Tribal Education Methodology (TEM): Sustainable Education through Heritage and Performance

Tribal Education Methodology (TEM): Sustainable Education through Heritage and Performance is a Phase 2 Large Grant project in India.

The project aims to develop a sustainable curriculum for young people (10-16 years of age) from the indigenous tribes (Adivasis) of Wayanad District, Kerala, India. The project will develop the TEM Toolkit by using tribal heritage, oral and performance traditions through participatory approaches and digital means. The tribal youth are out-of-school, and a proper integration of tribal language and culture into the State syllabus of Kerala has a long way to go. This results the Adivasi education a complex phenomenon in the State causing lack of education, unemployment and poverty among the tribal youth. This is in addition to the ongoing political issue of tribal landownership. The ratification of Indian constitution in 1950s make the State the custodian of tribal homelands making them homeless and landless. To address these issues of the tribal communities in Wayanad and their post-conflict identities, the project will undertake a youth-led Participatory Action Research (PAR) to design a tribal art-based curriculum for empowering transformative learning for advancing education as a way of reducing poverty. The key activities of the project include:

· Digital documentation of the tribal oral traditions to create a tribal museum and digital archive in Wayanad.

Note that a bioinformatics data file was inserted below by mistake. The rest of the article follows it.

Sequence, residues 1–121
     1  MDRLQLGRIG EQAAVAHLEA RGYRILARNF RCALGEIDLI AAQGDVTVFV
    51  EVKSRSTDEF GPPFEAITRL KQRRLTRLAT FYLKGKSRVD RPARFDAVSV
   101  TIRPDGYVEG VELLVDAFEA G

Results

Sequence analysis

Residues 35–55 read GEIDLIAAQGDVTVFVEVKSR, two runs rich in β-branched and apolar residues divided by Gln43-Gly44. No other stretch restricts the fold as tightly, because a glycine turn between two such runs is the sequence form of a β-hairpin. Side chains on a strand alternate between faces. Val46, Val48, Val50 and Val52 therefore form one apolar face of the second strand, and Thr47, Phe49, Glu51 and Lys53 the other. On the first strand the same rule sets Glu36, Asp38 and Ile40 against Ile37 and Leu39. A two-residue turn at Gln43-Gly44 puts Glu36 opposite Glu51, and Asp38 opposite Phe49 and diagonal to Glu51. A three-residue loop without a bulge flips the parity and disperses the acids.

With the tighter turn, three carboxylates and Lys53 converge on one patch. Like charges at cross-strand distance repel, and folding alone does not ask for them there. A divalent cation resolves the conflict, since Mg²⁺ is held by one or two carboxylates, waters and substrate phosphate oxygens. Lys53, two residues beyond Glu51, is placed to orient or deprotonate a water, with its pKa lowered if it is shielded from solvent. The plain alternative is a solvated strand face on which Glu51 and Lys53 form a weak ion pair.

· Developing TEM Toolkit for inclusive curriculum, enabling the tribal youth to achieve secondary education.

· Setting-up a youth-led, sustainable drama club (Bamboo theatre) to inform the participatory ‘scheme of work’ of the project.

Learning in tribal communities is active and embodied. Physical and sensory components such as touch, smell, seeing and hearing inform the pedagogic practice of forest-centred tribal life and hence, learning is understood not only in terms of reading and writing. As a result, education in the tribal context involves “gustatory” terms of bodily learning. A massive body of rituals and oral traditions as well as participatory art practices such as, dance, music and performance dominate not only the tribal way of life but also shape their world-view, historical and cultural memories and formation of their collective self through ‘sensuous scholarship’.

Only a careful integration of art and education will create a sustainable model of tribal education. TEM Toolkit is a solution for the problem and develops new strategies for conflict resolution through cultural means. The use of cultural memory and embodied knowledge will serve as the locus of teaching and learning. Community engagement and participatory processes will inform a new decolonised model of education embedded in indigenous epistemologies.

The impact of TEM includes the partnership with the State Education Board to integrate a sustainable model of education for the tribal youth in Kerala. TEM Museum, and Bamboo Theatre will also equip the young people in the tribal communities to develop new strategies for conflict resolution through cultural means. Beneficiaries include young people in the community; schools in the region and informal education structures like cultural groups and religious affiliations to strengthen a grassroots and bottom-up approach to the development of the curriculum.

The following selection of photos offer an overview of the land, people and tribal life. 

Photo credit: Sibi Pulppally

Photo Credit: Sibi Pulppally

Photo Credit: Sibi Pulppally

Photo Credit: Shukoor Kalpetta

Photo Credit: Sibi Pulppally

Photo Credit: Uravu

Photo Credit: Sibi Pulpally

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Phase 2 Large Grant ‘Tribal Education Methodology (TEM): Sustainable Education through Heritage and Performance.’